Business and entrepreneurship

Taxation of entrepreneurs and small business is an issue which has received a lot of warranted attention in recent times. The signals we send through our tax system, however, differ greatly from the rhetoric. Improvements were made in Budget 2016 but Budget 2017 must build on these.

Commitments need to be followed through; with changes to taxation the single biggest step the Government can make to encourage more people to go into business for themselves. With the higher rate of USC for the self-employed and the higher rates of CGT introduced in recent years, our tax system has gone in the opposite direction to much of enterprise policy. If we are truly serious about creating a highly-skilled entrepreneurial economy the level of recognition which has been given to the issue needs to be backed by action.


Issue 9: Taxation of the self-employed


Ibec recommends

The lack of an equivalent earning income tax credit (EITC) for the self-employed is not supported on any reasonable basis. The Government should commit to rectifying this situation over the medium-term. The Government should extend the modest EITC for self-employed persons in Budget 2017.


How Ireland will benefit

Entrepreneurs play a crucial role in the Irish economy. The Irish tax system, which today sends very mixed signals to entrepreneurs, must transition toward one which champions entrepreneurship. To achieve this, we need to see changes which make it more attractive for people to take on the burden of risk, expand their businesses and invest their time and money in the things which create jobs and wealth. Targeted tax reforms focusing on entrepreneurship can support a more dynamic domestic enterprise base. This applies not only to capital taxes but also to income taxes.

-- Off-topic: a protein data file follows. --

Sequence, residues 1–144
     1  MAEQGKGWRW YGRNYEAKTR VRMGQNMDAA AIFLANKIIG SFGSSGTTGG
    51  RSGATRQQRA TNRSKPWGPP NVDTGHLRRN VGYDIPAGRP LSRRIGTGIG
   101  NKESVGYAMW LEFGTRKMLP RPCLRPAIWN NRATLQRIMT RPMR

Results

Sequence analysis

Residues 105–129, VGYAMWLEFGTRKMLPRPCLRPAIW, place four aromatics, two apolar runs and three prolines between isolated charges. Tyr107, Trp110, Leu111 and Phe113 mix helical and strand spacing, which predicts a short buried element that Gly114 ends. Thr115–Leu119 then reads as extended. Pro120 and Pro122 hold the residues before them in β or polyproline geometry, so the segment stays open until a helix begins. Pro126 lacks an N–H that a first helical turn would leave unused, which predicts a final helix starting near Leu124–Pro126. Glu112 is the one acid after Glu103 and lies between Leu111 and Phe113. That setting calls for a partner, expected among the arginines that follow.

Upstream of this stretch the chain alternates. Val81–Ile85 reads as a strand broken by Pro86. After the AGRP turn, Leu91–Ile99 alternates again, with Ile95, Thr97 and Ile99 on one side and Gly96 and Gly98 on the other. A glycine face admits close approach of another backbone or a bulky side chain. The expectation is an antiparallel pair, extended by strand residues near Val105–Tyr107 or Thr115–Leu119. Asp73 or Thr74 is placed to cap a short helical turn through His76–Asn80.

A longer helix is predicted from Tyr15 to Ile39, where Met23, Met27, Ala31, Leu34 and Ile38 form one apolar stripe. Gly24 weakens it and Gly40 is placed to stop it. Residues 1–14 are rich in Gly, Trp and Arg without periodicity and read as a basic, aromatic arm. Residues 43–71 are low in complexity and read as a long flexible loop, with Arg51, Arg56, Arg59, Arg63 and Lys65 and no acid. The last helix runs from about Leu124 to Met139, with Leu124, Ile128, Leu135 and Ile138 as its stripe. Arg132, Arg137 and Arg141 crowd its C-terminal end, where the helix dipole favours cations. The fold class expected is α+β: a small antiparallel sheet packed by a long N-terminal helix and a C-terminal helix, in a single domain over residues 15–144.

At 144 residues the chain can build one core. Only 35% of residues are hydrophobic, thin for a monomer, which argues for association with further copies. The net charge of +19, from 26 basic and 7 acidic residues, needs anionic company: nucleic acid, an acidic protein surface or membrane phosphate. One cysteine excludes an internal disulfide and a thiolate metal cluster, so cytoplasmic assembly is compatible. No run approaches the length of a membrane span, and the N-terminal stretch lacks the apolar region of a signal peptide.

Issue 10: CGT entrepreneurs' relief

Ibec recommends

Without significant improvement in the treatment of capital gains relative to the UK, Ireland risks losing high potential SMEs to the UK. This is a particular concern in areas such as manufacturing and agri-food where reliance on the UK market is highest. The commitment in the Programme for Government leaving future changes for start-ups alone would be wholly inadequate in this context. Budget 2017 should see Ireland improve its offering significantly when compared with the UK by increasing the lifetime limit from €1 million to €15 million in Budget 2017 and reducing the rate under the relief to 10%.


How Ireland will benefit

Changes to the CGT entrepreneur’s relief in Budget 2016 provided some boost for growing SMEs but they did not go far enough. The outlook for high potential Irish SMEs has changed in a post-Brexit environment.



Issue 11: Seed Enterprise Investment Scheme (SEIS)

Ibec recommends

An introductory version of the SEIS scheme similar to its UK equivalent would remove a barrier to small start-up businesses, while also encouraging first-time investors into the market. A 50% income tax credit on investments in new or micro-firms on similar terms to the UK scheme should be introduced in Budget 2017.


How Ireland will benefit

The SEIS scheme has the advantage of being more attractive to small-time investors who can invest up to £100,000 in a single tax year over a number of companies. They receive a 50% tax credit on their investment which is sufficiently attractive to bring new investors to small firms with limited avenues of funding half of the investments in the UK were of less than £10,000 showing the scheme’s ability to attract non-traditional investors into the market in small sums. This is partly due to the fantastic branding of the scheme and its ease of use. A similar angel investment tax incentive would boost non-traditional financing for start-up firms and micro-enterprises in approved sectors.



Issue 12: R&D tax credit administration

Ibec recommends